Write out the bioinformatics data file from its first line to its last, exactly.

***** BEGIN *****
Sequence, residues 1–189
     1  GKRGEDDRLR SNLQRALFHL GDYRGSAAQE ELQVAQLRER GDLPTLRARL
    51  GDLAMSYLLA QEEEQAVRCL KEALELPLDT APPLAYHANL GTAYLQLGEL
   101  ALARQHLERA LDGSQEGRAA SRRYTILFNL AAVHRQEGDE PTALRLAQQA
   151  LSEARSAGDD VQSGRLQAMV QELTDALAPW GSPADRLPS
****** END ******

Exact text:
Sequence, residues 1–189
     1  GKRGEDDRLR SNLQRALFHL GDYRGSAAQE ELQVAQLRER GDLPTLRARL
    51  GDLAMSYLLA QEEEQAVRCL KEALELPLDT APPLAYHANL GTAYLQLGEL
   101  ALARQHLERA LDGSQEGRAA SRRYTILFNL AAVHRQEGDE PTALRLAQQA
   151  LSEARSAGDD VQSGRLQAMV QELTDALAPW GSPADRLPS